Fearful / wary of strangers
A rather good ‘alarm dog’, she does become rather alert when something out of the ordinary disrupts her usual routine. She is very approachable once she starts trusting though.
Very loyal and attached to members of her social group, this dog could willingly spend all of her time by her owner’s side. In this sense, she is not independent at all, and requires near constant contact with her family to feel fully at peace.
If left to her own devices, she loses her joyous exuberance which makes her so charismatic in the first place, and can become ‘yappy’ and anxious.
Behaviour of the Poodle
This dog does not like to be left alone, and only feels good when surrounded by her family (be it the humans or fellow animals in her family). She requires available owners, preferably always present.
Moments of solitude will only be somewhat tolerated if the Poodle pup has been exposed to her owners’ absences in a gradual and positive manner, and from the youngest possible age.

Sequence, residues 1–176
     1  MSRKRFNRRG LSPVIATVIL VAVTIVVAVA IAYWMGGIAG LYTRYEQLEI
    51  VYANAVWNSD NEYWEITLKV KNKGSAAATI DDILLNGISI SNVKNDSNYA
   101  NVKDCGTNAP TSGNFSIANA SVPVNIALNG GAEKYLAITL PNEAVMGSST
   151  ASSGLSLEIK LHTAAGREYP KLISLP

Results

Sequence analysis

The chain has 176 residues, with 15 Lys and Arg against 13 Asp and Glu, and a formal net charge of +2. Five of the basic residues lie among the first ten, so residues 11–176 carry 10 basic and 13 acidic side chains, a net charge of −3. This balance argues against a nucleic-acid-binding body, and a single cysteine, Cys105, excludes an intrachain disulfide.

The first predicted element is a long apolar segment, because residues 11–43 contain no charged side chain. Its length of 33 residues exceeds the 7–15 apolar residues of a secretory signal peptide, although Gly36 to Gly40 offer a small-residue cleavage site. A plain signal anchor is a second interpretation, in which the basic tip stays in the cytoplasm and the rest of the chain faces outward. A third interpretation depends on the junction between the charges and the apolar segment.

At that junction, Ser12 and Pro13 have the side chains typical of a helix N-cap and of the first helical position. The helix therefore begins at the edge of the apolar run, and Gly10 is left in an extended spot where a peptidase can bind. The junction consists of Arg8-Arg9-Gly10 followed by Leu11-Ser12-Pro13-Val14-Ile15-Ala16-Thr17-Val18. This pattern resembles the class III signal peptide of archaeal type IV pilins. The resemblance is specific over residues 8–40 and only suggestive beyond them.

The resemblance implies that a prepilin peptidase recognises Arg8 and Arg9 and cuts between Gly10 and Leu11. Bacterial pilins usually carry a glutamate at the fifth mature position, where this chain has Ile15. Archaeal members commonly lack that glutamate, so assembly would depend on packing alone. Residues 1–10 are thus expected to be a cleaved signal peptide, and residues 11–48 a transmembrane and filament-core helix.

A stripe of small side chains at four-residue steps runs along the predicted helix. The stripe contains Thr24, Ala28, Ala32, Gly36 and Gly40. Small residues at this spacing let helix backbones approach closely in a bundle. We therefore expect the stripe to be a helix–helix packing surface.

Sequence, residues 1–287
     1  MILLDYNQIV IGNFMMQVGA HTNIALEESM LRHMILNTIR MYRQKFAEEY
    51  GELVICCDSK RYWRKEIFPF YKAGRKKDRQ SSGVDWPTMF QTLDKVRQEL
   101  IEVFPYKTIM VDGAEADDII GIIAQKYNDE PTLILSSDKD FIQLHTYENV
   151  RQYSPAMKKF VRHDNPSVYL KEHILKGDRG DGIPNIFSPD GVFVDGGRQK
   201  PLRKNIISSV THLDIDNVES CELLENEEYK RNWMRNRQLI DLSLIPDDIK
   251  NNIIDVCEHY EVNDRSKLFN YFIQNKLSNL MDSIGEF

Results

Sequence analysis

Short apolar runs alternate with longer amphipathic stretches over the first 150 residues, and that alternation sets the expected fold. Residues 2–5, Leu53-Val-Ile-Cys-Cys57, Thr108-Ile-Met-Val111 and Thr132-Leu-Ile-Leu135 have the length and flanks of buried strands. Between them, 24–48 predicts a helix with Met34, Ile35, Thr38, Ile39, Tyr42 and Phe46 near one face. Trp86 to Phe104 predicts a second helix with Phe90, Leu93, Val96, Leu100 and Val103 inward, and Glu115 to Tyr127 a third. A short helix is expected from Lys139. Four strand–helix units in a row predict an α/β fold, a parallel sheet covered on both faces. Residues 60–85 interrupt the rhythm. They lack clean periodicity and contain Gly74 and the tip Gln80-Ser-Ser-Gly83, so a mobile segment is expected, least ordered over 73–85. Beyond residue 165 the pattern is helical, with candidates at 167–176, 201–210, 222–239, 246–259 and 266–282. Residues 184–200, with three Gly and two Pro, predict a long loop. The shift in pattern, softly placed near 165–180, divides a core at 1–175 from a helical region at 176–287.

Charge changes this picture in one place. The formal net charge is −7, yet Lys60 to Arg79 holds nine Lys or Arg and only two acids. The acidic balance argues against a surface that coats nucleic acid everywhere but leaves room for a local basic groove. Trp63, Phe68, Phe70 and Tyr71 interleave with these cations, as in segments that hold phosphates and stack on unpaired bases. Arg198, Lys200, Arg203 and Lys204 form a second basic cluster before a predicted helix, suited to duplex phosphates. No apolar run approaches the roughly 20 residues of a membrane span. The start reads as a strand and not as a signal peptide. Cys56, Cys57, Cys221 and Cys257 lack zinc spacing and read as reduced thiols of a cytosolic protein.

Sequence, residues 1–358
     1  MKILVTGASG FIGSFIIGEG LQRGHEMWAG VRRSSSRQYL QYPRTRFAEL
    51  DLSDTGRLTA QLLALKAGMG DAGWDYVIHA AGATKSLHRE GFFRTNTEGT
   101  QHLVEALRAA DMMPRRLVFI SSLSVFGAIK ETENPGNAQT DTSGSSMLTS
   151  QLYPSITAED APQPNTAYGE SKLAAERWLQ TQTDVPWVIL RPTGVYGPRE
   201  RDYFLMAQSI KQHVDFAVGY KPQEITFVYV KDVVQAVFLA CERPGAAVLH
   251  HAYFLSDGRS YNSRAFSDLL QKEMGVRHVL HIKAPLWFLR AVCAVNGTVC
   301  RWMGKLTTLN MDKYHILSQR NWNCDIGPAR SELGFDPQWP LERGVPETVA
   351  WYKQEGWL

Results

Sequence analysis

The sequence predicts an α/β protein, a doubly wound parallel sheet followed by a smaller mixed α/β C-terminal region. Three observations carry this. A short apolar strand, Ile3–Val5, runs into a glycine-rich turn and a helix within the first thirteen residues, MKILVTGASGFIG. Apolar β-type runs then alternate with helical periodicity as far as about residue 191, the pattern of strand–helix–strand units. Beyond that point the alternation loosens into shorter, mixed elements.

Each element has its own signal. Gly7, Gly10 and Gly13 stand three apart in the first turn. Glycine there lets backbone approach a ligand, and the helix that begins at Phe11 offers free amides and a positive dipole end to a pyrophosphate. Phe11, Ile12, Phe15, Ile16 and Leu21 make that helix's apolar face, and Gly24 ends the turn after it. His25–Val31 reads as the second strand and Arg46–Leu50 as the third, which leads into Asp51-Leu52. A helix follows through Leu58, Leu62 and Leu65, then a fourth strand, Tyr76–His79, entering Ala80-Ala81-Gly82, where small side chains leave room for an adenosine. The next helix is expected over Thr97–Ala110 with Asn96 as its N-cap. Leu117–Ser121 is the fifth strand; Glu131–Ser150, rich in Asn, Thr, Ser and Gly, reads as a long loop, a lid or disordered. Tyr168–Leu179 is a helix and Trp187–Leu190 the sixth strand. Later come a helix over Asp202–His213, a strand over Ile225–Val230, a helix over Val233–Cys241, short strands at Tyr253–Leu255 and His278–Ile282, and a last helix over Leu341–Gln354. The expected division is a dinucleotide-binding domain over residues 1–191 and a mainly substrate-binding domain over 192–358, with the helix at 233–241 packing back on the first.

Easy to train / obedience
This dog is very easy and pleasant to train, since she rapidly integrates what is asked of her. Endowed with an exceptional intelligence and sensitivity, coercive training methods will only serve to impact her in a very negative way. You must therefore prioritise gentle methods based on positive reinforcement and trust.
Despite her great docility, the training process must be implemented as soon as the Poodle pup integrates the house, so as to prevent her from developing any bad habits- especially in the case of toy and miniature specimens, which one tends to be more lenient towards.
Very much alert, she barks as soon as she perceives something out of the ordinary. This has its good and bad sides. For instance: in the countryside, which tends to be calmer and less eventful, the dog’s barking could warn her owners about a potential intruder… but in the city, where many different noises can resound, the barking is at times excessive and not necessarily pertinent.